You might feel a little frustrated when someone you manage comes to you all worked up about a seemingly minor issue. They have hit some stumbling block and are over-reacting, you think.
In fact, you probably wonder why they are not handling this on their own and leaving you out of it? That’s what professionals do.
But these often turn out to be moments where your leadership and guidance is needed most, just not in the traditional way.
They don’t need help with the mechanics, they need help with the emotional processing. Here is where you have an opportunity to bring the leadership traits of vision and perspective and support together at the micro level.
Many people are operating with a general anxiety these days. That is difficult to address and may even require professional help. But if one of your staff comes to you with a specific incident, no matter how minor or straightforward it might seem, they are giving you a window of opportunity to provide meaningful help.
The very first thing the person likely needs is for you to simply listen. You can give them the opportunity to fully process the precipitating incident.
Giving your time and attention in this way shows that you think what they have to say is important. You are listening to them as a person not just a professional.
The work of processing tasks and completing assignments happens in the messy realities that humans create. Listening shows that you understand that the complexities and nuances create challenges beyond the project plan charts and graphs.
Of course, the act of telling you the full story also helps them to process the event and their emotions. That alone can be a huge relief. It might be the first opportunity they have had to talk it through for themselves.
One of the reasons your staff shares these mini crises with you is to make sure that you understand they are trying really hard to do a good job. They are frustrated, but they are also perhaps seeking your recognition and support. Give it to them.
Let them know that you can empathize with their feelings.
You may feel like they are overreacting. You may think that there are some obvious solutions. Maybe you even think that they are mis-perceiving something.
Don’t let that get in the way. Before you help with advice and counsel, you need to validate and support their feelings.
After all, no matter what the facts are, they are feeling the way they are feeling and that is that. You cannot question that. But you can support them and show some understanding.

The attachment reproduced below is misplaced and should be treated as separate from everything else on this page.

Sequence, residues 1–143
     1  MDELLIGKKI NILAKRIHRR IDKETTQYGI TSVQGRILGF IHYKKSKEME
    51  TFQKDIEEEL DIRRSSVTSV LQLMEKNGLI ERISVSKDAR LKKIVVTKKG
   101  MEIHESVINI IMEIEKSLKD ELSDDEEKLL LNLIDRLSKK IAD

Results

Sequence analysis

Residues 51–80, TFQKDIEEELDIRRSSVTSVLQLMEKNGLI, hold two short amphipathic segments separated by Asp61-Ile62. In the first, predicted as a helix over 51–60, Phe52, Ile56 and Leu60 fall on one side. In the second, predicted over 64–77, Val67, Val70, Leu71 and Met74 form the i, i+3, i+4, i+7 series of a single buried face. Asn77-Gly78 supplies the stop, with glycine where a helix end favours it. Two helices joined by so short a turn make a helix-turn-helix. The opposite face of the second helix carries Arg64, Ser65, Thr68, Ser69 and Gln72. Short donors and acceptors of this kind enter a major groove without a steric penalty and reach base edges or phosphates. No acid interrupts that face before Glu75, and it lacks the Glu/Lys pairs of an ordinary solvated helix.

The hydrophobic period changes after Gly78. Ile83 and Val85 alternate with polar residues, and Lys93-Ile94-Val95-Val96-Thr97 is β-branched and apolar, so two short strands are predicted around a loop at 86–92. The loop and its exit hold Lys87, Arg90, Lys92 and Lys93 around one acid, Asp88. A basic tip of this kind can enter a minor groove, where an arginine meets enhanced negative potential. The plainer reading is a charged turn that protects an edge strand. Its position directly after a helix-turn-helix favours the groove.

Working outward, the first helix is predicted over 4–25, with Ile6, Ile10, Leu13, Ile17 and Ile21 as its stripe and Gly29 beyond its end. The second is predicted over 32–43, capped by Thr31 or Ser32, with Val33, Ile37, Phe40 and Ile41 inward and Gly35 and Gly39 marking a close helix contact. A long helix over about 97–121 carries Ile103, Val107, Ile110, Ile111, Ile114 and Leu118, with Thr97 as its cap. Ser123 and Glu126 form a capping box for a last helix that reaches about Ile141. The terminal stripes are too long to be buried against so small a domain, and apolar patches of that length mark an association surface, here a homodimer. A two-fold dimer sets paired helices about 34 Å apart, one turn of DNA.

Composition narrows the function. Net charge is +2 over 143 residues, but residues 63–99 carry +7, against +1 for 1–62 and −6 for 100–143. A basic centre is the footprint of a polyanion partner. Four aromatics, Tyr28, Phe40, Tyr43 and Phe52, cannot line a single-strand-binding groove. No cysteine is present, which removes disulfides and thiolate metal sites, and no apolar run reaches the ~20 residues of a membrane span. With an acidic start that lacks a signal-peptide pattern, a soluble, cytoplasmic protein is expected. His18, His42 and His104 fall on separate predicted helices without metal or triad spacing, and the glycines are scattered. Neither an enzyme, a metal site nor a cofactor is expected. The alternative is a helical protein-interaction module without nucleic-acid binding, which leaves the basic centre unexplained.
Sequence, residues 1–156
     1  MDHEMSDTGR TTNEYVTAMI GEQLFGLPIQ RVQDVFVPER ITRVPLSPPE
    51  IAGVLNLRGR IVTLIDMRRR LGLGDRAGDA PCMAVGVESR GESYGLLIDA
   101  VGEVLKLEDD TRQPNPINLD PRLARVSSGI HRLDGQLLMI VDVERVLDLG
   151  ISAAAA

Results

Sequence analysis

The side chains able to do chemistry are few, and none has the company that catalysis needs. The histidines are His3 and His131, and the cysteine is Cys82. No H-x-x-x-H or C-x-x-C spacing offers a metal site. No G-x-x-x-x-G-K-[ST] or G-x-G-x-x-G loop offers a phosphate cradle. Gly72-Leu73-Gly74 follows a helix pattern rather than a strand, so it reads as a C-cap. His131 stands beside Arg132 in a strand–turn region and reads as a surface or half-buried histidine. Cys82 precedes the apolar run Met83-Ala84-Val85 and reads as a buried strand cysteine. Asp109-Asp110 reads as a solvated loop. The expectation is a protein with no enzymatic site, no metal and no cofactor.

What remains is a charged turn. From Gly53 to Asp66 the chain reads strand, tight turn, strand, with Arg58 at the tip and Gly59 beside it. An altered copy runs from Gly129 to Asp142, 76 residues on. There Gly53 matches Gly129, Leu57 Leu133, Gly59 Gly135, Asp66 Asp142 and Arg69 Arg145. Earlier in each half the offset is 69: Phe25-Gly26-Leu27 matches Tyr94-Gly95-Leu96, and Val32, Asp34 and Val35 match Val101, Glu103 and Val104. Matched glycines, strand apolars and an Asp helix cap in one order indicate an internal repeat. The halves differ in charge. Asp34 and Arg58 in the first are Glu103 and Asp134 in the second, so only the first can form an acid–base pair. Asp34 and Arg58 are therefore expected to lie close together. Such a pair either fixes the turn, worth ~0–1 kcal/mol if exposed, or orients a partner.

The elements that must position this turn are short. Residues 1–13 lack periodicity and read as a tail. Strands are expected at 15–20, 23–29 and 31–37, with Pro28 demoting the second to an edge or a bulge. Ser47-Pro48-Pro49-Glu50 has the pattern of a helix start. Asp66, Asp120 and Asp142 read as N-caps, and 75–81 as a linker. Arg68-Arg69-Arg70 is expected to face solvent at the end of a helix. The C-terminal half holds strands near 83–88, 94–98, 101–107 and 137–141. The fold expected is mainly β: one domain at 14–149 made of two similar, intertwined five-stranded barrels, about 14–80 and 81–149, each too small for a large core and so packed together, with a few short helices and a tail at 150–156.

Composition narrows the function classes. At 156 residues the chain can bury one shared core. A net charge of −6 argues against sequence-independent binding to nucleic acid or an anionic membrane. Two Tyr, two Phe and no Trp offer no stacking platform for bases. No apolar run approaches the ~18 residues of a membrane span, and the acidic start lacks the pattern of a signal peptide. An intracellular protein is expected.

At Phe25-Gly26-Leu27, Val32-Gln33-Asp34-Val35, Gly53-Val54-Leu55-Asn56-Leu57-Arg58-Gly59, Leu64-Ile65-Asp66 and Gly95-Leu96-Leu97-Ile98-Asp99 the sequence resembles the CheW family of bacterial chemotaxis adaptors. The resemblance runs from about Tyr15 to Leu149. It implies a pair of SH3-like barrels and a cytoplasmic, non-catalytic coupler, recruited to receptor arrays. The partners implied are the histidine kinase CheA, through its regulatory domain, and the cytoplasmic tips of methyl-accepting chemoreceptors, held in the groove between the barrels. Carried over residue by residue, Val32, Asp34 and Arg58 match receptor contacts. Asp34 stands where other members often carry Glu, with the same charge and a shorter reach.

Next, help reconsider
At this point you have heard the story and their interpretation of events. They have had a chance to talk it through for themselves. They have had a chance to vent emotions. And you have demonstrated support for their feelings.
Now, you can help guide them into a more analytical mode. You can help them consider other potential interpretations and possibilities.
As an example, let’s say they are upset because a vendor did not follow through on something. That’s frustrating, unprofessional, and upsetting. Your staff member is probably worried that it reflects poorly on them, particularly in your eyes.
But now that you have listened to all the facts and helped to vent emotions, you can work with your staff member to consider other possibilities.
It may be that the vendor missed the deliverable because the person who was supposed to do it became suddenly and seriously ill, was dealing with a family emergency, or may have even been fired.
However unlikely these explanations might be, these are still possibilities. Over the course of my career, I have seen all of these happen.
Also, people do make mistakes. We all mess up our schedules, lose track of time, or miss a confirmation email. It happens and maybe we could be more understanding.
By considering alternatives, you can coach your staff member to maybe reserve judgement for a bit. It is likely that more facts will be gathered to fill in missing pieces of the story at some point. It is not worth getting all worked up now, or worse, overreacting in some way and making the whole thing worse.
Finally, help strategize a response
As you help reconsider possibilities and re-examine things dispassionately, you can help guide their response.
This is incredibly valuable because now you are standing shoulder to shoulder with your staff member and helping them to craft a good plan. And they will know that they have your support and backing in this response.
They have processed the emotion, received your support, considered missing or incomplete or misinterpreted information, and developed a response based on long-term goals aligned with their manager’s guidance.
This is precisely how calmer minds prevail.
And this is how real leadership is done. If you can help someone process their emotions productively, put a situation into its appropriate strategic context, and come up with a thoughtful way to respond, then you have done a good job as their manager.